Tonic labyrinthine reflex

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The tonic labyrinthine reflex (TLR) is a primitive reflex found in newborn humans. With this reflex, tilting the head back while lying on the back causes the back to stiffen and even arch backwards, the legs to straighten, stiffen, and push together, the toes to point, the arms to bend at the elbows and wrists, and the hands to become fisted or the fingers to curl. The presence of this reflex beyond the newborn stage is also referred to as abnormal extension pattern or extensor tone.

The presence of the TLR as well as other primitive reflexes such as the asymmetrical tonic neck reflex (ATNR) beyond the first six months of life may indicate that the child has developmental delays and/or neurological abnormalities.[1] For example, in people with cerebral palsy, the reflexes may persist and even be more pronounced. As abnormal reflexes, both the tonic labyrinthine reflex and the asymmetrical tonic neck reflex can cause problems for the growing child. The TLR and ATNR both hinder functional activities such as rolling, bringing the hands together, or even bringing the hands to the mouth. Over time, both the TLR and ATNR can cause serious damage to the growing child's joints and bones, causing the head of the femur to partially slip out of the acetabulum (subluxation) or completely move out of the acetabulum (dislocation).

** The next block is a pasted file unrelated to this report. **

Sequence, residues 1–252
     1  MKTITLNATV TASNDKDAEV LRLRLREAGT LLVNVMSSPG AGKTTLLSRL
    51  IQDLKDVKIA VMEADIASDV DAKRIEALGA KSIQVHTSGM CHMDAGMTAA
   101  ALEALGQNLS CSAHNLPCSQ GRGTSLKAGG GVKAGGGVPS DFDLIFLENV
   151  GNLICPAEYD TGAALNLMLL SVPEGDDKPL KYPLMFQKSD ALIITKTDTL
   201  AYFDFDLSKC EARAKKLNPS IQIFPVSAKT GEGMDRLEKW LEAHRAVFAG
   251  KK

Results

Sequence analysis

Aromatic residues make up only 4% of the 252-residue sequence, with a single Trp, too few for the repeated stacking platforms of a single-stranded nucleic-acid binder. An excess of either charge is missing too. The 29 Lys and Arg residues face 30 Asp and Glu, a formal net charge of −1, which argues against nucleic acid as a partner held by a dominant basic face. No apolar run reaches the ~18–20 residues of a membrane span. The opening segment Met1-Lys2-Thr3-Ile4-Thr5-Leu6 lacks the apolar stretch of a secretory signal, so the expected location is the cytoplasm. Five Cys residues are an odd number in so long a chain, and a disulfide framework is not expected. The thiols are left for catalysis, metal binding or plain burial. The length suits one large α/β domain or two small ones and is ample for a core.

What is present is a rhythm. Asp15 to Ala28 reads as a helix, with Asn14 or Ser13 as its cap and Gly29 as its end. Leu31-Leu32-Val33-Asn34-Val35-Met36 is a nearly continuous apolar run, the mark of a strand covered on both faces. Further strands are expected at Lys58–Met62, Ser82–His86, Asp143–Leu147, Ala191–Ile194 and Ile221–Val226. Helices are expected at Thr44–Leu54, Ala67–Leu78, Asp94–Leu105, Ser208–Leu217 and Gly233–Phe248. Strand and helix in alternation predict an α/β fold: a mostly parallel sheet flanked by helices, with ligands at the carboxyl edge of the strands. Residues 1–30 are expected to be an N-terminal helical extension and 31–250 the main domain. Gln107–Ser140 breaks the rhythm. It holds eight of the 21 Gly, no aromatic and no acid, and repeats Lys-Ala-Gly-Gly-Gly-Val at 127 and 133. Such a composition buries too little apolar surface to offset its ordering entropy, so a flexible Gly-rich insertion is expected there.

References[edit]

  • Shelov, Steven (2009). Caring for your baby and young child. American Academy Of Pediatrics. 
  • Sieglinde Martin MS PT (2006). Teaching Motor Skills to Children with Cerebral Palsy and Similar Movement Disorders: A Guide for Parents and Professionals. Woodbine House. ISBN 978-1-890627-72-0. 
  1. ^ Shelov, Steven (2009). Caring for your baby and young child. American Academy Of Pediatrics.